There are some lessons you learn that you can’t wait to share with anyone that will listen.
Then there are lessons that open up your possibilities and are slightly, well embarrassing.
Embarrassing for yourself mostly because it was right there and you didn’t see it – even if it is part of your education and knowledge background.
Sometimes those lessons hurt. This is one of those lessons.
Problem Identified: My Plan didn’t support both me AND a larger team.
When creating a budget for start-up or a plan for growth, it is important to have a clear understanding of the role of your team members. A great way to do that is by creating an organizational chart. And this is where the problem occurred.
When I was planning for growth with my business coaches, Tina Forsyth and Bobbie Robertson, one of the tasks was to create an organizational chart and job descriptions. I will admit it took me a couple tries on getting a chart that felt right. Between having one that wouldn’t kill the business with overhead, to one that supported the business where, me myself and I finally didn’t “do” it all. Or one that wasn’t clouded by my ego (see: learning stage).
This is what I ended up with:
What you will see is that there is a CEO – and then there are team members, a super important part of any business when you are looking to leverage your time.
Here is a little Business 101: once you have the org chart go ahead and draft job descriptions for each role identified. If you are doing a business plan, looking at funding options, or getting ready to hire, having both an org chart and job descriptions are essential. Plus, job descriptions help you clearly identify the roles instead of adjusting the roles to match any existing team members – another lesson that had been looming on my horizon.
I always had a plan of what the business structure would look like, I just didn’t have a visual. No over-exaggeration, there was nothing nowhere. To be truly honest, all I had was an idea and a feeling. No org chart, no business plan, and more importantly it was not in my budget and it never showed in my pricing structure.
Just the prior year in my coaching program I did create a budget that included the core accounting team (three team members) and included it in a revised pricing plan. What was missing, was once that accounting team was in place, is that there wasn’t any plan for the business owner, the CEO, to get a paycheck.
Learning Stage: How This Showed Up
(HINT – this was where I wasn’t paying attention, and I fully admit I’m cute just not overly bright all the time, just most of the time).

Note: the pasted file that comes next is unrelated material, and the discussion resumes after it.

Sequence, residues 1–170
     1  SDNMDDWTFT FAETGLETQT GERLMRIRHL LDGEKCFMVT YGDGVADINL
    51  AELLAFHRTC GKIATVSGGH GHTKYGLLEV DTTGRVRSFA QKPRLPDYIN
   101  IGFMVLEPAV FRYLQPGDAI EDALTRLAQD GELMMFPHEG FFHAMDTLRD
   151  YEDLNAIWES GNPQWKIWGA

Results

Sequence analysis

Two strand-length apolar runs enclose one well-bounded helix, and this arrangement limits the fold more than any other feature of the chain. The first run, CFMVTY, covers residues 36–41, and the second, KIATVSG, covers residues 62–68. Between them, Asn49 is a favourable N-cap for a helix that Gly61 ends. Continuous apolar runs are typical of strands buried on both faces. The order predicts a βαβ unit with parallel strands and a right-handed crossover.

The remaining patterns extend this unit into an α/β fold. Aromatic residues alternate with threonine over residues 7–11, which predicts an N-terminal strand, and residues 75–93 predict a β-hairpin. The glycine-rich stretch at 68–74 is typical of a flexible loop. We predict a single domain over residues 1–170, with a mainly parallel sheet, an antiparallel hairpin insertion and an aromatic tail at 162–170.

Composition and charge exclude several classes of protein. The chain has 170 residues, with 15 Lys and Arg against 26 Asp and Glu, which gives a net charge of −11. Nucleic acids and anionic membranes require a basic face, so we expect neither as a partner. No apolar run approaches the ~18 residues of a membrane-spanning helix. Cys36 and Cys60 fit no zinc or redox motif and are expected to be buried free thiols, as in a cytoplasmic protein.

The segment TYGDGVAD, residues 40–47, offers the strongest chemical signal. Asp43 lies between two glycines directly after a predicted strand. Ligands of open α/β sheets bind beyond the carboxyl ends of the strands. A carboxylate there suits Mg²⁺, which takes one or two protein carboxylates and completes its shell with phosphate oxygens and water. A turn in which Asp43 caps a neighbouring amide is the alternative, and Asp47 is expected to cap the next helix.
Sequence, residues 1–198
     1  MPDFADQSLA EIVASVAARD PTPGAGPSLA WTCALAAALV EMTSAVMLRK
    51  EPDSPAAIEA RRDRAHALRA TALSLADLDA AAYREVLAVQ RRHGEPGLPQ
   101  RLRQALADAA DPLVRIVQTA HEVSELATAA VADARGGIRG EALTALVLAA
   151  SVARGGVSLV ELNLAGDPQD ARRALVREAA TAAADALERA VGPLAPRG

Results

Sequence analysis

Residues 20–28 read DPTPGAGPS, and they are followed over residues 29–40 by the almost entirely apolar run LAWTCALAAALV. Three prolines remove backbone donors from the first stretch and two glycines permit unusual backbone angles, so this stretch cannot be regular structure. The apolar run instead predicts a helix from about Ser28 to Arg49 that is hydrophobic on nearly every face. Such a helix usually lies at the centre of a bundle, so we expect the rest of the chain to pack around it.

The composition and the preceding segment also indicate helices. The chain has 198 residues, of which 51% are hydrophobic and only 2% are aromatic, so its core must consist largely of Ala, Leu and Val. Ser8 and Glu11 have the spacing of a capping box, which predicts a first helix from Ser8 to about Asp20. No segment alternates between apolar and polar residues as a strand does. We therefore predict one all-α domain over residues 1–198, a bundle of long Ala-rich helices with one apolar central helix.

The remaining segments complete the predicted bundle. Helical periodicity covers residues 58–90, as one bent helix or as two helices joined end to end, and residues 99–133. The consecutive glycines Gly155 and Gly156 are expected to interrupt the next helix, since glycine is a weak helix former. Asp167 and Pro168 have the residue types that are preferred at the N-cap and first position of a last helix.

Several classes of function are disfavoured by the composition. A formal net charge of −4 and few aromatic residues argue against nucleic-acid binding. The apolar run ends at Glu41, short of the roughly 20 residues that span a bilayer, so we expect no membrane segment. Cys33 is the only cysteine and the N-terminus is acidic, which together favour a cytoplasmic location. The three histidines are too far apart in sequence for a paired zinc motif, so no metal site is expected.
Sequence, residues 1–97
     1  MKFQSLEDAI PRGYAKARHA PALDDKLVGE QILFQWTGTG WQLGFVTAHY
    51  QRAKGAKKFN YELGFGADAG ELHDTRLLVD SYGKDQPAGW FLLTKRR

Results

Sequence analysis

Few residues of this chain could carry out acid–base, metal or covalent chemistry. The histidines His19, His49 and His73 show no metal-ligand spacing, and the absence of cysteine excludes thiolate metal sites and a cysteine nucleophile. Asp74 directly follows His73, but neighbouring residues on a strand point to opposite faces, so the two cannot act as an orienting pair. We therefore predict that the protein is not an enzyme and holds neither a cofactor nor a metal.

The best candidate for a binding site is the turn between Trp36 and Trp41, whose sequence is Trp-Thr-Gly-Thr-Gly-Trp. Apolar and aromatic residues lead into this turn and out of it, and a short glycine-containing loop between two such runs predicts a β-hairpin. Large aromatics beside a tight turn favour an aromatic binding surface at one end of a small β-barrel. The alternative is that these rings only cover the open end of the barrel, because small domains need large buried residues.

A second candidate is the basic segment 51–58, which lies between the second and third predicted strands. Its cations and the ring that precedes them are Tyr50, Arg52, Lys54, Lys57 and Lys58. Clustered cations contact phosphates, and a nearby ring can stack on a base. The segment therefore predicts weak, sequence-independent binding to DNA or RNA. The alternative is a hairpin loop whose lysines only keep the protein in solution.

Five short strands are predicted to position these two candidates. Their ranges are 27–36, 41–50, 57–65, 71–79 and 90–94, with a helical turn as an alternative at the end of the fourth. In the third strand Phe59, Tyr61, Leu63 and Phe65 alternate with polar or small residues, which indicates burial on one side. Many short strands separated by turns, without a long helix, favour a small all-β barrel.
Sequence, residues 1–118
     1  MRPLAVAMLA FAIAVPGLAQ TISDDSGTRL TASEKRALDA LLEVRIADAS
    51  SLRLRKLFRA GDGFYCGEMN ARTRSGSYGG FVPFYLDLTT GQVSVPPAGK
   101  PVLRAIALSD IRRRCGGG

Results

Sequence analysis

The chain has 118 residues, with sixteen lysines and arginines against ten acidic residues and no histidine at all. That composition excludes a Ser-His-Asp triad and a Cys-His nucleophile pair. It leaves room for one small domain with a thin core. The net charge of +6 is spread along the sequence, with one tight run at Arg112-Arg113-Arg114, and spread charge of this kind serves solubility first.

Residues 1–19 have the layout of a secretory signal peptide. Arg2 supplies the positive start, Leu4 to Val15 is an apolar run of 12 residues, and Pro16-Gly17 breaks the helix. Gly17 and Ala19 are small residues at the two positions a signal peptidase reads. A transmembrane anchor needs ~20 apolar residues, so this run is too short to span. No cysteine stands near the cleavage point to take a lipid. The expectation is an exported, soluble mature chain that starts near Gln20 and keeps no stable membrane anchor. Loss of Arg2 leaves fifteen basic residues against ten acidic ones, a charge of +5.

Every time I grew the team it resulted in me not getting a paycheck. Which then would create the energetic pull of reducing the team (as in, something would go wrong – miscommunication, bad hire, bad training) and taking a few steps back just so I could get paid.
During this time I called it self-sabotaging the original plan in my head, according to my ego it was the perfect plan. Damn ego. There was a lot of negative self talk about how I just didn’t have what was needed to take the business to the new level. Or the pain my cash flow was feeling every time I took a step forward. Or that nagging “you’ve already tried that, and it didn’t work” conversation I can only have with my ego when I would go to hire a new team member.
The question is, how did I not realize this? When I stepped into growth, how could I have not double checked my budget to make sure there was funds enough to pay myself, the new overhead, AND the team? Seems like a super rookie mistake for someone who has 25+ years in accounting experience. It’s okay, you can totally agree with that statement. I did and that was the ultimate embarrassing part.
Sometimes lessons we learn hurt our ego and our pride. I also believe those lessons, once learned, put us firmly on our path of doing our purpose. Here are my most valuable take-aways during this learning stage:
- Create a visual for your business – business plan, budget, organizational chart, job descriptions. All of these can be changed as your business grows, changes, and even pivots.
- This visual representation gives you a solid way to dream. The more concrete you are with your dream, the more likely you can create it. But don’t hold too tight to the perfect dream. Those don’t happen, and if you are tied to that perfection you could miss an incredible possibility.
- To leverage your time you will be adding team members. Make sure to include that additional cost in your pricing. Add in all your costs – direct costs, team costs, operating overhead, CEO management pay/benefits, and finally add in profit. This gets you your ideal price point. Otherwise you are guessing and may not have enough to pay yourself.
The final caveat: get help and support when you keep hitting your head against that very thick and hard wall. I would not have learned this lesson if I didn’t have a business coach to push me through the uncomfortable parts or my accountability group for support and brainstorming.
Morale of the Story
There is a dream to grow your business and leverage your time – but there is a difference between you the technician working in the business and you the business owner/CEO responsible for working on the business. Make sure your budget and pricing structure includes both. If you don’t, when you grow, one of you will not get paid.